Sometimes I discovered a food or a drink that would give me a fleeting burst of relief. I would then crave these foods and drinks like a desperate explorer longing for water in a desert. Some of these foods I wanted for a couple of weeks, before the mere thought of them repulsed me. Tomatoes, kiwis, carrots, Babybel cheese, Mini Cheddars, ice-cream, Salt and Vinegar Snack-A-Jacks, milky instant coffee made with cold water poured over ice-cubes and lemon water with ice-cubes. My taste changed in out-of-character ways, most notably that I wouldn't touch a hot drink or slice of toast and daydreamed about about ice-cream and green tea.
At around ten weeks I told my work I was pregnant. It was hugely difficult hiding 247 nausea in my role as an SEND teacher and the weight felt too heavy to carry. I was crying every night after work as each day felt too hard and I knew that saying something would give me relief.
I was very anxious about telling my work as my job is very important to me and it felt like a lot to essentially tell them I would be having next academic year off to be with my baby. My anxiety was so intense that I didn't have the capacity to tell them face-to-face so I sent an email because I feel so much safer and more in emotionally control communicating via writing. They said they were really happy for me and have been supportive.
I also had a lot of anticipation and anxious excitement about telling my family. It just felt like such a huge thing to tell them and the emotions of anticipation were overwhelming. As a person with BPD, emotions tend to be very intense and even those happy emotions can be so big they feel hard to bear. As always, my husband supported me a lot by validating me, accepting me and listening.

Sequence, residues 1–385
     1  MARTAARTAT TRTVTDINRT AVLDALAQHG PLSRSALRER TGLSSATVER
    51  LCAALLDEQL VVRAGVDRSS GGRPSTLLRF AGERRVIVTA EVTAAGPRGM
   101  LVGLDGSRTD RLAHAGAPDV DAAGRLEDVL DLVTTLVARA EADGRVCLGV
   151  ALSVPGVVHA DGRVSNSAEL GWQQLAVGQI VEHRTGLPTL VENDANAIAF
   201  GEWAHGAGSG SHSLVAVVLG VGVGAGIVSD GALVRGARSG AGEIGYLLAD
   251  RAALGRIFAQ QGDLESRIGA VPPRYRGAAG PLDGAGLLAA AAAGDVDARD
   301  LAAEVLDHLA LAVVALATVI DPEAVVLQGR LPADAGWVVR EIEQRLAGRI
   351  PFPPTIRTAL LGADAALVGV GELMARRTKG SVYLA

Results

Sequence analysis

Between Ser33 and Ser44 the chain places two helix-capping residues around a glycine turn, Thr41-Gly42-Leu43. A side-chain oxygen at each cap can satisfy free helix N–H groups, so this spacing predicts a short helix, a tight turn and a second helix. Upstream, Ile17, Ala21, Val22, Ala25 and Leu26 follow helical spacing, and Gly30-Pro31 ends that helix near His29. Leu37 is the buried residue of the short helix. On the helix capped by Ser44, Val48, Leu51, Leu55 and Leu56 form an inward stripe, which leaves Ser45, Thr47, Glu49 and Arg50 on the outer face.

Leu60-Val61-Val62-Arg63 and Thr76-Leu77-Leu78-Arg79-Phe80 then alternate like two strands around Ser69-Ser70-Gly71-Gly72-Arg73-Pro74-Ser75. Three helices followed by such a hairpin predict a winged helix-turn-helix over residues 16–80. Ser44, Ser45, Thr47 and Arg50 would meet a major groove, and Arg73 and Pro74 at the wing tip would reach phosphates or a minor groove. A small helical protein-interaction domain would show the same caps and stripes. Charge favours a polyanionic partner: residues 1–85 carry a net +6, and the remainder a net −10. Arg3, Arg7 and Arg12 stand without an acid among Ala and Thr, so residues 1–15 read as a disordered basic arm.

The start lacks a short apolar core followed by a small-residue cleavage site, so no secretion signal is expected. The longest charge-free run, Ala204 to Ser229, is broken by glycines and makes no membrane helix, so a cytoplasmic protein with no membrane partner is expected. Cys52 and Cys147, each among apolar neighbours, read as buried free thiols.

12 week Scan
There was much excitement and apprehension in advance of the first NHS scan. Seeing the baby's growing body with a beating heart on screen was a delight and a relief. A couple of days after the scan, some blood test results came back and I was told I had a 'marker' that required extra monitoring later in the pregnancy. I was really scared and confused about what it all might mean for the baby and myself. I didn't get all the answers I wanted from professionals and this made me quite distressed.
It took me a few weeks to find the reassurance I needed and to feel more positive. Once again, my husband and my family helped me through. I've needed a lot of rest to manage my emotions and the fatigue that is a natural part of growing a baby. I have written a separate, brief post on my experiences of maternity and mental health services.
As I write this post I'm now 24 weeks and I feel my baby gently kicking! Until now (midway through the second trimester) I had no emotional or physical energy to write anything. I'm still really tired, but also enjoying day-dreaming, preparing baby clothes, the pram, thinking ahead to the birth, the first weeks and so on. Overall, my BPD has been pretty calm and I'm pleased with how I'm managing, in spite of the grim nausea.
I hope you have enjoyed this post if it's relevant to you in some way. I hope to write a reflection on my second trimester when I can, depending on my energy. As always, sending lots of empathy to those of you reading this who may be experiencing loss, infertility or other difficulties; I really send you all my best wishes and lots of compassion.
- Rosie x
If you enjoyed this post and are able to, I would be most grateful if you would like to buy me a Ko-Fi to help me pay for my website and domain subscriptions. Thank you to everyone who has helped me far.